It was ironic, perhaps, but also fitting that the announcement of a significant broadband expansion project in western South Dakota was made May 12 in a video conference rather than a meeting room.
The event featured government and business leaders from the nation’s capital in Washington, D.C., and SDN Communications’ home base in Sioux Falls. It demonstrated the communications benefits of good connectivity – at least to those who were able to access the announcement.
Because of the project that was revealed, more South Dakotans and visitors to the Black Hills will have better connectivity in the future. State-of-the-art, fiber internet is coming to three communities in the Black Hills, thanks to a $3.3 million federal grant and $1.1 million investment from SDN.
The $4.4 million project led by SDN will bring about 45 miles of high-speed connectivity to the beautiful and sometimes jagged mountains in the Nemo, Rochford and Silver City areas, which are west of Rapid City. The project will immediately serve 292 residents, two farms and 14 businesses in Pennington and Lawrence counties.
The video conference featured U.S. Agriculture Secretary Sonny Perdue, who announced the grant to SDN. Chad Rupe, administrator for the USDA Rural Utilities Service, filled in some of the details. The other speakers were South Dakotans: U.S. Sen. John Thune, U.S. Rep. Dusty Johnson and SDN CEO Mark Shlanta. (Watch below)
The grant is part of the federal Broadband ReConnect Program, which provides loans and grants to fund the construction, improvement or acquisition of facilities and equipment to improve broadband services in rural areas. The application period for the second round of funding closed April 15 and brought in more than 170 requests.
Perdue likened the need for broadband connectivity in rural America to the need for electricity and telephone services decades ago.
Last year, Valley Telecommunications Cooperative, which is an SDN member company, also received a multi-million-dollar ReConnect grant for a project to improve rural connectivity in Brookings, Kingsbury and Moody counties in South Dakota.
The Black Hills project will add about 45 miles of fiber optic lines and present significant challenges, but it also will bring big rewards to the region and the state, Shlanta said.
“Those granite hills are hard to penetrate. Burying fiber will cost more than $65,000 a mile. It is an expensive project that would not pencil out without this public-private partnership,” he said.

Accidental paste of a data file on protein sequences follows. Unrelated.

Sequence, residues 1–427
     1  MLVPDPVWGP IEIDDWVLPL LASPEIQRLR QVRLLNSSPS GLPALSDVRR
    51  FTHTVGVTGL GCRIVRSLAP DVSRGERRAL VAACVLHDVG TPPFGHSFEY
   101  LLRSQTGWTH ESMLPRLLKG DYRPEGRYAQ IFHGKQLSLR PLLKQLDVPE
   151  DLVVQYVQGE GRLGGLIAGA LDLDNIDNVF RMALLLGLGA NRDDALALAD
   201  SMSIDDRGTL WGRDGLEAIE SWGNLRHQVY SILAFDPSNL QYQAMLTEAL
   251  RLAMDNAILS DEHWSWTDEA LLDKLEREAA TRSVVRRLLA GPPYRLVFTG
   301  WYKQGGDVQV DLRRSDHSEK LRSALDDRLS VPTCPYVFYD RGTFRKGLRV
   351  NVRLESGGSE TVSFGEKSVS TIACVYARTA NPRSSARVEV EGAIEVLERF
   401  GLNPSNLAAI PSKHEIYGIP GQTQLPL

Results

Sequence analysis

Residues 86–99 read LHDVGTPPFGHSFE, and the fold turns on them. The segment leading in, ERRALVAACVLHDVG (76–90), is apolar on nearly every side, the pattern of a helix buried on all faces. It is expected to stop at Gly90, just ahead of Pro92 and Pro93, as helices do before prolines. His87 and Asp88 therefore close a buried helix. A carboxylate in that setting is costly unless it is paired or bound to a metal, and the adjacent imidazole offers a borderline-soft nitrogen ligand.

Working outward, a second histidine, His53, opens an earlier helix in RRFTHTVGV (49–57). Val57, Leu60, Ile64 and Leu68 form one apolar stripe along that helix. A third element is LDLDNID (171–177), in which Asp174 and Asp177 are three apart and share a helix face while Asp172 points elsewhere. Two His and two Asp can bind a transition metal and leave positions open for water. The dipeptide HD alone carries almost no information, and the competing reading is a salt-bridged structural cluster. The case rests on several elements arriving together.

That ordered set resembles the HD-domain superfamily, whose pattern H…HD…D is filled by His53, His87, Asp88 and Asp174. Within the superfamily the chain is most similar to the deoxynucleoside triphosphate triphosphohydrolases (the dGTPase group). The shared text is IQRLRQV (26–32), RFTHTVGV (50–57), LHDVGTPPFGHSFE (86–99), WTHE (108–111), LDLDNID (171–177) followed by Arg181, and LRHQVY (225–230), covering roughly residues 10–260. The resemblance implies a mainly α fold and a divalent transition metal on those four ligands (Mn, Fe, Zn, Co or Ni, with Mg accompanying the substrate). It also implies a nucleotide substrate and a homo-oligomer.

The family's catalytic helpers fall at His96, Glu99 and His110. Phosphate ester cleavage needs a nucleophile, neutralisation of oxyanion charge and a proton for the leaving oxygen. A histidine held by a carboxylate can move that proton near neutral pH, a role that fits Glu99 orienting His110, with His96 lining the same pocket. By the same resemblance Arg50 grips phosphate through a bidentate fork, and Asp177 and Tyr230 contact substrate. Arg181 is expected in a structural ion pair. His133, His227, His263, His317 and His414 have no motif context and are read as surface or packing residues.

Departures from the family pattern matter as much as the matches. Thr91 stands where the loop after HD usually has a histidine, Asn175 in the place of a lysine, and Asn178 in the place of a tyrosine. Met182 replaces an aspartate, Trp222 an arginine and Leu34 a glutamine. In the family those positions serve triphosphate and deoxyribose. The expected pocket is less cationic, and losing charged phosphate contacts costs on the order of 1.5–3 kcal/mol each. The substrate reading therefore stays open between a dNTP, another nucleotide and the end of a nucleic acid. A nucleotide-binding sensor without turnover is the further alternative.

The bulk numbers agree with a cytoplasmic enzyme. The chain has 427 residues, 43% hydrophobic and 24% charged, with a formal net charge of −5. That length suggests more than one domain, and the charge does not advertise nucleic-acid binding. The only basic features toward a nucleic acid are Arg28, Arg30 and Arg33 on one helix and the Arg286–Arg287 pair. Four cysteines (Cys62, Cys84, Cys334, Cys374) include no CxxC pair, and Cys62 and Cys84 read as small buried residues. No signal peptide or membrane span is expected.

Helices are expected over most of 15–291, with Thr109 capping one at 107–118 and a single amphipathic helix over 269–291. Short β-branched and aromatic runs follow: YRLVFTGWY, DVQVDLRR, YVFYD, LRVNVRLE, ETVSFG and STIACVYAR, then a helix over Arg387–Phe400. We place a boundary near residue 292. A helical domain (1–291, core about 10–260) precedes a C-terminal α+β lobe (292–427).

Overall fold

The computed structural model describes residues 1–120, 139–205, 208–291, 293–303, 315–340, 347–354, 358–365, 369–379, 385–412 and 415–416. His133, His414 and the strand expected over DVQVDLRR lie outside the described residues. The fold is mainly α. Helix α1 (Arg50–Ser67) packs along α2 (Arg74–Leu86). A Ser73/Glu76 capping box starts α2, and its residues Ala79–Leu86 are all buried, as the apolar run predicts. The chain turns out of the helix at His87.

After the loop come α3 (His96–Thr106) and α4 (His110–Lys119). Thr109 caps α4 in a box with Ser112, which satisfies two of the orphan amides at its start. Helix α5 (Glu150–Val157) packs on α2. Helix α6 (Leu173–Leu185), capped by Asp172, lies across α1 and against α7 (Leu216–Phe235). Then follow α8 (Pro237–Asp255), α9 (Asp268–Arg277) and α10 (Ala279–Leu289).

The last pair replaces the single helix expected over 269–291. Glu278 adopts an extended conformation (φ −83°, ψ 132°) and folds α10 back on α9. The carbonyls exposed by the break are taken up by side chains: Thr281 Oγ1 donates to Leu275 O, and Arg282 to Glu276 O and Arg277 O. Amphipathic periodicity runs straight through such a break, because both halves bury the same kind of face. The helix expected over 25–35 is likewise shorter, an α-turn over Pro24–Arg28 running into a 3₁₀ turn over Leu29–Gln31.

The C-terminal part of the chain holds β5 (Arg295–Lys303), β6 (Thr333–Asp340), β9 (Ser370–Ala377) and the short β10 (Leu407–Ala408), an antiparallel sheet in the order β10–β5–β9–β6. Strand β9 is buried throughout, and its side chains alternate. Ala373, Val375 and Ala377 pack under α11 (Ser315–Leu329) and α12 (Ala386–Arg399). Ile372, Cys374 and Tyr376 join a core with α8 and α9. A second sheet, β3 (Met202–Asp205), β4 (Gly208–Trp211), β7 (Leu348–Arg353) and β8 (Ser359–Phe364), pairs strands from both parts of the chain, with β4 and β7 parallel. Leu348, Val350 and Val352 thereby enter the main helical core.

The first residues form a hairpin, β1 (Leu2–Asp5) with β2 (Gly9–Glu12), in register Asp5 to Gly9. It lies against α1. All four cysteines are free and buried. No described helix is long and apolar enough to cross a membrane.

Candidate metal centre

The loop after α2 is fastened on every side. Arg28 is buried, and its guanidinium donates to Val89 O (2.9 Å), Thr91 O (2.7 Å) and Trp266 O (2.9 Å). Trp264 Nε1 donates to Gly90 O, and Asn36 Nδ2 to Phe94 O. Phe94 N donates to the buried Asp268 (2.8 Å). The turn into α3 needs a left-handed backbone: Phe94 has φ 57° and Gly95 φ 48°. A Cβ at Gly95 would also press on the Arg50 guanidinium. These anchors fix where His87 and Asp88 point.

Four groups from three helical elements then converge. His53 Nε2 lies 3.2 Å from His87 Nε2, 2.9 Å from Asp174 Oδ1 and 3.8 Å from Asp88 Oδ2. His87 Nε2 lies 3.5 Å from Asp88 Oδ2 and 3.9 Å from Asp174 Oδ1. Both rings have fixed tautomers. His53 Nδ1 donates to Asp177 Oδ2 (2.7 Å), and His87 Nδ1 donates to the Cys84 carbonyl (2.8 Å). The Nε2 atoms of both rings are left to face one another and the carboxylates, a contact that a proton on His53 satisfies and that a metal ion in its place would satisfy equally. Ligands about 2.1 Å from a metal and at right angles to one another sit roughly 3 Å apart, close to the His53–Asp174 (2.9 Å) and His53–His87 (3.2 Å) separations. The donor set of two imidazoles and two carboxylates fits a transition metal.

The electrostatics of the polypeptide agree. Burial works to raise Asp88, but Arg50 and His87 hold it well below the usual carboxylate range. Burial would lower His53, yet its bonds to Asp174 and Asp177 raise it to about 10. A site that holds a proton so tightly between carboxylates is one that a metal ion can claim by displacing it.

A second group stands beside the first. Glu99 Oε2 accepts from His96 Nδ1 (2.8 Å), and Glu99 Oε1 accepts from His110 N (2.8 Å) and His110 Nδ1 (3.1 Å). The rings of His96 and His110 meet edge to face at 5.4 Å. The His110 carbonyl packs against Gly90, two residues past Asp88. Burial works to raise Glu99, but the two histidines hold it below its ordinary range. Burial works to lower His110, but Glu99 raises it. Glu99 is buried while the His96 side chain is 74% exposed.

The project area is an international attraction for tourists – an industry that contributes significantly to the economy of South Dakota, Shlanta noted. But improved connectivity also will make the area a better place to live and do business, he said.
SDN plans to begin staking and permitting work immediately. The bid process for placing fiber and building towers in Nemo, Rochford and Silver City also will begin soon. Technically, the company has five years to complete the project. But SDN hopes to begin construction this season and finish work by the end of the 2021 construction season.
SDN is excited about the current grant, but wants to do more to improve connectivity in the Black Hills, Shlanta told Perdue. The company has applied for another federal grant, one that would help improve connectivity from Lead south to Hill City. There has not been a decision on that application yet.
Thune pointed out that if nothing else, the COVID-19 pandemic has demonstrated the importance of communications infrastructure and how good connectivity can change lives for the better. Like Thune, Johnson complimented SDN during the video conference.
“This is a very, very good day. I will tell you SDN is a very, very good company,” said Johnson, who worked with rural telecoms across the country before being elected to Congress.
“They don’t come more sophisticated, more hard-working, more visionary, than SDN. It is just a fantastic group of folks who really understand the transformative power of broadband as a family of businesses,” he said.
SDN is a leader in providing business internet, private networking and cloud connectivity to businesses and organizations in communities such as Sioux Falls, Rapid City, Worthington, and the surrounding areas.
Watch the teleconference below.